Aerial View of Seattle, with Space NeedleAerial view of UNLV's football stadium, Las Vegas NV

The biggest challenge I’ve found to this sort of aerial photography is picture quality. There is simply no way these puppies are going straight from the camera onto the web. At thirty thousand feet, even on a clear day, there is haze and glare that simply must be Photoshopped away. The image below shows the before (on the left) and after versions of an aerial view of southern Arizona. As you can see, there’s a lot of nasty haze and glare that the camera picks up that my eye, at least, doesn’t really register. The “after” image looks pretty much like what I recall seeing.

Comparison of original v Photoshopped aerial image of AZ desert

Here’s how I do it. There may be better ways, different adjustments to make, but I’ve found through a lot of trial and error that the most natural-looking and final image, the one most faithful to the actual appearance of the landscape, is achieved through two steps. First, a basic manipulation of RGB layers. Then some tweaking with contrast and desaturization (to eliminate the over-coloring that can result from the contrast change).

In manipulating an aerial photo to eliminate haze, the first step in Photoshop is to go to Layers and select “New Adjustment Layer” and “Levels.” That will pop up a window asking you to name your new layer. The default is fine, so click OK. That will open the RGB adjustment window. Simply drag the black pointer that’s on the left side of the display slowly toward the right, until it is directly beneath wherever the graph begins (usually with a simple horizontal line), and click OK. Here’s how that should look:

RGB adjustment

Now you’ll need to save the image as a JPG, since all this diddling with levels will have autosaved it as a Photoshop file. Once that’s done, open your new image and make any necessary adjustments to contrast, spot fixes, etc. You’ll likely need to adjust saturation down; these adjustments often result in colors that are a bit too vivid. Remember how that landscape looked while you were peering at it through your camera? Try for that. The goal (well, at least my goal; others may have different goals of course) is to illustrate how the natural landscape resembles abstract art, as accurately as possible.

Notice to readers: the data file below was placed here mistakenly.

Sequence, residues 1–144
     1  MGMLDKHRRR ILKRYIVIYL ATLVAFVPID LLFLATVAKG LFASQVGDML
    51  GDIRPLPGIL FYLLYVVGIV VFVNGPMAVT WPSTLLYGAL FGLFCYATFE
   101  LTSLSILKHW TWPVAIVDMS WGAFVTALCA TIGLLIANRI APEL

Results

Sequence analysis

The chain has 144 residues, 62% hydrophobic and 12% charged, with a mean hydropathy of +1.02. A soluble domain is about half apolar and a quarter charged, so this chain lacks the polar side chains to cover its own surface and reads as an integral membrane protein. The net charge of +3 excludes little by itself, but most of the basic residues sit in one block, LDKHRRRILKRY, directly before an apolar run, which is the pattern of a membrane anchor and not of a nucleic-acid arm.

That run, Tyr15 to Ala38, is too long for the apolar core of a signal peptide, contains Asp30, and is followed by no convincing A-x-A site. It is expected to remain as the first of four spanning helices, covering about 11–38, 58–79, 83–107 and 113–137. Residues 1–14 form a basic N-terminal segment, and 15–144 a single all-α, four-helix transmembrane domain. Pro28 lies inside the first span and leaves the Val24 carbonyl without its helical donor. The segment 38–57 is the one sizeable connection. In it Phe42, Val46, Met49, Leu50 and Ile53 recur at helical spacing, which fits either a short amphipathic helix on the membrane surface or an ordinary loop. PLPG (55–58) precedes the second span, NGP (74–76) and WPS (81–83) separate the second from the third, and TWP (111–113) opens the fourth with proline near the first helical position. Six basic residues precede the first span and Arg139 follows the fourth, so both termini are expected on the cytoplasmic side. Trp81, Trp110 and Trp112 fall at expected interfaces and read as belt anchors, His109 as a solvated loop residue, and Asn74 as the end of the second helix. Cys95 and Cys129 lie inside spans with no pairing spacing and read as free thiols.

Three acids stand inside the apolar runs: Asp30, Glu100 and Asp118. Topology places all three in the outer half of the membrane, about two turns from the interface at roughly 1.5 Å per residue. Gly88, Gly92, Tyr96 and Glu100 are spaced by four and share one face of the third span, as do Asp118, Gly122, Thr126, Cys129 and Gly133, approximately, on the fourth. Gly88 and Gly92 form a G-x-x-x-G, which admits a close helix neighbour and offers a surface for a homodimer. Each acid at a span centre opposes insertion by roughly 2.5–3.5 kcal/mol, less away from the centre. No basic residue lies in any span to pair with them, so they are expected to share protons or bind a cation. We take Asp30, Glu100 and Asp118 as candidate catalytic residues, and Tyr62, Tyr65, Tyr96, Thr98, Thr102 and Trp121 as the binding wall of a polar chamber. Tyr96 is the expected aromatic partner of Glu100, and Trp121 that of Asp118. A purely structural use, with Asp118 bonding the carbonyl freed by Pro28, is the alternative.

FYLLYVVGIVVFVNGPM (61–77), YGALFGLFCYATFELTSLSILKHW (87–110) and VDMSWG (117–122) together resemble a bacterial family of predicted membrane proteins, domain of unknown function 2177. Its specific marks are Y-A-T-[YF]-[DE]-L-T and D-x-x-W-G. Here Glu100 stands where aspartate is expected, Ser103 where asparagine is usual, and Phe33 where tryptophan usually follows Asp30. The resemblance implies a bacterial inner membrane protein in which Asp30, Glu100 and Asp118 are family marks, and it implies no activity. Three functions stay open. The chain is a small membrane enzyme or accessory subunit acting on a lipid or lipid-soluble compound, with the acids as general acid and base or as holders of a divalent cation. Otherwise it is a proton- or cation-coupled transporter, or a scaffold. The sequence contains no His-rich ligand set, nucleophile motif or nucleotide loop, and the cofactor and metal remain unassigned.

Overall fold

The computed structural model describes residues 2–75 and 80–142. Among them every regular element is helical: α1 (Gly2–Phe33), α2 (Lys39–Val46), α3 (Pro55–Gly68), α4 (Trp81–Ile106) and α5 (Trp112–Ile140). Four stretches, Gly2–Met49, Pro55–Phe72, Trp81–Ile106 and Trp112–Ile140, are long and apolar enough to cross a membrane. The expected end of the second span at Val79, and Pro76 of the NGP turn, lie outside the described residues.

Aerial view of AZ desert from 38,000 feet

Of course, as I said earlier, sacrifices must be made for art. I have, I must confess, occasionally wiped out entire small towns, farmsteads, and roads that interfered with the abstract image I was trying so hard to recreate naturally. I justify such artifice by telling myself that the goal is to show the abstract landscape, and the manmade objects mess that up. In any case, don’t be afraid to carefully spot-heal away villages or random buildings that distract the eye and give away the game.

There’s something else I love about my obsession with window seats, and that is this: It makes me look out the window. On long business trips I could, of course, pop open my laptop and peer obsessively at Excel spreadsheets. I could (and do, of course) turn on the Kindle and read, or plug my ears into my iPod and bounce in my seat while Lady Gaga tells me to “Show Me Your Teeth,” immediately followed by somebody singing about being the very model of a modern major general (I’m eclectic in my music). I could (and sometimes do) take a nap. But mostly I can look out the window, at the surprisingly consistent beauty and interest of the landscape below. Sometimes, there are even surprises:

Aerial view of natural geological formation somewhere in southwestern Colorado, due east of Egnar and south of Naturita. Coordinates 37.91219123585559,-108.597316688116.

The desert southwest is particularly photogenic, I’ve found, but there’s a majesty in the irrigation circles that dot the flat land like checkers on a board across the midwest. There’s the mystery of small cities drifting beneath the plane’s wing, filled with thousands of people who have no idea who I am or that I’m staring down at them. The old and rippling landscape on the eastern side of the country is beautiful, and the oceans, while a little monotonous, occasionally spring a surprising reef or island or some enormous ship going from someplace to somewhere. It’s all out there, a fabulous world beyond my window. Oh sure, I whine and complain about having to travel to cold and boring cities to sit in endless meetings in anonymous hotel ballrooms, but really in this case, as in so much else in life, the treasure is in the getting there. Right outside my window, as long as I keep looking.

shadow of jet on clouds, with rainbows circling